Return to Forever, the 40th Reunion

Sunday, November 2nd, 2014

Ours of the United States Naval Academy Class of 1974, the 23rd Company (of 36 companies), formed-up on 30 June 1970. Those were the days of avoiding the draft to avoid duty in Vietnam. It’s about the only time that I can remember that I ever joined anything and even my formal acceptance to Annapolis required having no plans for college and a chance meeting at my high school graduation prom with the Assistant Principal, John Rice, who was also a USNA recruiting officer in his spare time.

“Why didn’t you tell me?” he asked. “I’m the local Blue and Gold Officer.” About 20 years later I learned what hoops that he and several members of the Jesuit High School faculty jumped through to expedite their recommendations for my acceptance. After high school graduation and 30 days of working as a carpenter’s helper for the venerable Pelican Ice of New Orleans, I received the telegram (that’s correct; and from Western Union; the days of cordless phones. Whoa!) from Senator Russell Long appointing me to the Naval Academy, class of 1974. Report in two weeks. There I went; here I am; over the past weekend, remnants of the 23rd Company met for our 40th.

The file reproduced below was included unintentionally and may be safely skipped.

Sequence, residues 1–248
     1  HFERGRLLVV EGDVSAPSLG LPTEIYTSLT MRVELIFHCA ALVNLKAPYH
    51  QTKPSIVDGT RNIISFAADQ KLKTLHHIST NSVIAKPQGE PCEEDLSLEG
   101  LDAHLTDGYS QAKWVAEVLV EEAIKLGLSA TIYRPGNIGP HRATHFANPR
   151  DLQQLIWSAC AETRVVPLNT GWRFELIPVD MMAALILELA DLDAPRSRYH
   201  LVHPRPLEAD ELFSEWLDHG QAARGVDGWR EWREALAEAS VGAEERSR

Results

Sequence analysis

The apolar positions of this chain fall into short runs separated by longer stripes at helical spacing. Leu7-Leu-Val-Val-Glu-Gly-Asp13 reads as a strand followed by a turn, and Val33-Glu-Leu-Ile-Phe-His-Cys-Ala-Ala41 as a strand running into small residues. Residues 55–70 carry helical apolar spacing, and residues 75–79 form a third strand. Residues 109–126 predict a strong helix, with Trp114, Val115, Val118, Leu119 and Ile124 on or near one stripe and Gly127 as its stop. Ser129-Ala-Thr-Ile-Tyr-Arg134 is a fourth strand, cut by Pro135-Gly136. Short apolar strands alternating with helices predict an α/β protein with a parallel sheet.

3:c Yr Fall 1971

We moved to 5th Company for two years. This is a photo from Winter 1972.

USNA 23co 40th

Reynolds Tavern, Annapolis, Saturday 25 October 2014.

On day 1, there were 40 of us. On our graduation day of 5 June 1974, there were 22 of us remaining at the Academy including one who died within a month of graduation due to an intramural football induced injury. Along those four years, some resigned because ‘it wasn’t for them’; some got behind the academic 8 ball which is a tough recovery; the end of the Selective Service Draft sent others ashore (my number was 234); some had no problems and the rest of us meandered and bounced through to some conclusion. President Richard M. Nixon spoke at our graduation in the middle of his just-deserved Watergate woes.

We enjoyed a drink on a patio then dined in a private room for 34 at a charming downtown Annapolis restaurant. Our two Vice Admirals welcomed all (an impressive achievement for 2 of 22 graduates); we shared stories which reminded us that no one really changes with age; we just age-out. We laughed easily and generously and played a kind of Jeopardy game where we recalled stories from our days as midshipmen. In the end, a good time was had by all.